A new development in 2011 was open data portals, present in only one dozen of the 75 largest
cities. Open data portals were not as common as social media use, as they were present in only 16% of
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cities. Such portals reflect the collaborative ethic of Web 2.0, where users are encouraged to improve
applications and to share them freely (OReilly 2010). Portland and San Francisco were local
government pioneers in open data at the end of 2009, replicating the federal model (of data.gov) at the
city level. The portals include an eclectic mix of information, including the locations of police and fire
stations, employee salaries, lobbying activities, crime data, budgets, vacant lots, building permits,
restaurant inspections, parking information, and more. Cities may post raw data, or otherwise
encourage users to develop applications that make the information more accessible. Many cities with
open data portals have held contests for the development of applications (see New York and Chicago
portals, for example). This form of co-production or collaboration applies to a relatively small group of
citizens who have the requisite technical skills, but other types of collaboration are possible. Some
cities, like San Francisco, establish a reputation system on the portal that allows residents to comment
on and score datasets for improving access processes and the quality of the data. Additionally, open
data portals may involve tools for customizing or visualizing data in different ways, emphasizing
interactivity and responsiveness (Robinson, Yu and Felten 2010).
How do social networks compare to other interactive tools that encourage citizen feedback?
Blogs were less common, as only 23% of cities had them for any elected officials (and only about 11%
had general city blogs). There was a slight dip in the percentage of cities with comment or message
boxes from 80% of cities in 2009 to 75% in 2011. It is difficult to tell from this small change during a
short period of time whether this is a trend, for example, because cities are using social media instead.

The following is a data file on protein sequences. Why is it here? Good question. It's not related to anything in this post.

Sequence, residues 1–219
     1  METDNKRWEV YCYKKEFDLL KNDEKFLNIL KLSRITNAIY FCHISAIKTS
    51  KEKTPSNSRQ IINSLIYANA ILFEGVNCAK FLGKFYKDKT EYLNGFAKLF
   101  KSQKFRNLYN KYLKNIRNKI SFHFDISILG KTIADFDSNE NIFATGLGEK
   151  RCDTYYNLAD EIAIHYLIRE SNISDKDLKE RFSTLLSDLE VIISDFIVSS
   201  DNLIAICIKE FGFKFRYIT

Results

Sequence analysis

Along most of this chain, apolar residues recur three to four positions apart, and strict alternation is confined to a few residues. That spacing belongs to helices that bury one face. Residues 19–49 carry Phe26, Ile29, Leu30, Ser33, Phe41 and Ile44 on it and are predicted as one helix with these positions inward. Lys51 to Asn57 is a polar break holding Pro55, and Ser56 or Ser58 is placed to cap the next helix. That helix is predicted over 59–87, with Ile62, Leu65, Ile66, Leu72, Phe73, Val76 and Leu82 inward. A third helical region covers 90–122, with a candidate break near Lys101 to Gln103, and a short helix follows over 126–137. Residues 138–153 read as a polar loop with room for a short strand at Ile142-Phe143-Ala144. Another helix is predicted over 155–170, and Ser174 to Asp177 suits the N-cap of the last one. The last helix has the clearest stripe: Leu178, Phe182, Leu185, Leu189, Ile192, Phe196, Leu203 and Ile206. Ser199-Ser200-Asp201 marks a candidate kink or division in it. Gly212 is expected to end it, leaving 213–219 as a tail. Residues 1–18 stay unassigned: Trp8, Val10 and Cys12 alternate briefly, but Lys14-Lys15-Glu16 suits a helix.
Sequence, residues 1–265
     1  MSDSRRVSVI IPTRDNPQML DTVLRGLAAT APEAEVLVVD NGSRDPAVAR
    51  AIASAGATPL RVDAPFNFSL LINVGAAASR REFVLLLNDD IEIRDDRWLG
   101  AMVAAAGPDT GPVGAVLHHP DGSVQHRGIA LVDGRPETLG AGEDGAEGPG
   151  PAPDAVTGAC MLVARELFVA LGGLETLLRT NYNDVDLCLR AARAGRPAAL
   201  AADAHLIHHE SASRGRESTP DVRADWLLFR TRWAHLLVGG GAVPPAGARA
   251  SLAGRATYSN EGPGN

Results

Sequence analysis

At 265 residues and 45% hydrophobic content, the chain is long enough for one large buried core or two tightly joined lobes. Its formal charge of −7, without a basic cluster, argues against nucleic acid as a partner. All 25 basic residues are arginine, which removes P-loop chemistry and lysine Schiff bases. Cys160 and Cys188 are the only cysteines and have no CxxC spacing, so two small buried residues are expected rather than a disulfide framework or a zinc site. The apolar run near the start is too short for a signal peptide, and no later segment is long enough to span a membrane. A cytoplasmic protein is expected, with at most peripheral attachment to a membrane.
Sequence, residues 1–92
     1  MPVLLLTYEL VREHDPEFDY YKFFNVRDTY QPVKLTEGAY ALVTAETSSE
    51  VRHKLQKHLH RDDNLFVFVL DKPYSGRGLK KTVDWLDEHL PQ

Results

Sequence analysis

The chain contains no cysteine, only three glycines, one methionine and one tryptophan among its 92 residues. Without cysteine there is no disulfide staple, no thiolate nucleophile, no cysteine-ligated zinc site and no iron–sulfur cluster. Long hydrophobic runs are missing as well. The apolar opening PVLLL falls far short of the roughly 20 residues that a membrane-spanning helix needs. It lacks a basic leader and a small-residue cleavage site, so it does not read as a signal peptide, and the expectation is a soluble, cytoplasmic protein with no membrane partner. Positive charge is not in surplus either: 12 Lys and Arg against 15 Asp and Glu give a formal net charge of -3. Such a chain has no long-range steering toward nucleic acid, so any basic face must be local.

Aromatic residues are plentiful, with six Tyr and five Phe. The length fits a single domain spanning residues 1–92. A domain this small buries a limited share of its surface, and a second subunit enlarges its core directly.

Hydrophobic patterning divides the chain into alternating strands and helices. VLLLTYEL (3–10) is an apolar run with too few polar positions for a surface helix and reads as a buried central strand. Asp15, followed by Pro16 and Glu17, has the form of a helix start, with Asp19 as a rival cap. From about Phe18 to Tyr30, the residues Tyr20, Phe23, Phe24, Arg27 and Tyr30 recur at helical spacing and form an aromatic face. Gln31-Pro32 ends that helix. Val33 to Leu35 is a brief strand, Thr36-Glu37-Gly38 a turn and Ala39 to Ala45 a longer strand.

Customized information increased over this period, such as RSS Feeds and online newsletter or
email/text alerts. While online newsletters or alerts were fairly common in 2009 at 79%, by 2011 91% of
major cities had them. In 2009, a little over half of the cities used RSS feeds, but this had grown to
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nearly 3 in 4 cities by 2011. Measures of interactivity (downloadable information, searchable databases)
did not change over this period, but were almost uniform across the cities.
How have cities changed over this period? There are clearly new possibilities for participation
through social networks, and open data portals, which allow for customization of information, have
appeared in a dozen cities. Smaller changes have occurred in other ways a few local governments have
adopted online townhall meetings, in contrast with their absence just two years before. While surveys
are one-way mechanisms for feedback, they represent participatory opportunities as well, and there are
some small increases in this area over the two-year period. Information presented in formats that
attract attention and involve citizens could also be expected to contribute to civic knowledge and
interest (Lupia and Philpot 2002). Online videos available on YouTube and photographs on Flickr and
other social media platforms present and promote sharing of information in new ways, taking advantage
of the multi-media capacity of the web to convey both in-depth written information and visual content.
While their use is growing, YouTube and Flickr are a bit less likely to have policy content and comments
than social networks, such as Facebook and Twitter. Open data portals have emerged over this period,
and could foster greater transparency and customization of information. Overall, there is some
improvement in interactive features and participation over this period, although this is largely
incremental, with the exception of social media. There is also broad variation in the index. As
Appendix A shows, interactivity index scores for local governments range between 11% (for Toledo) and
96% (for Seattle). The adoption of new tools, however, poses questions about how they are used in
practice by governments and citizens. We turn to this question in the case studies of three cities.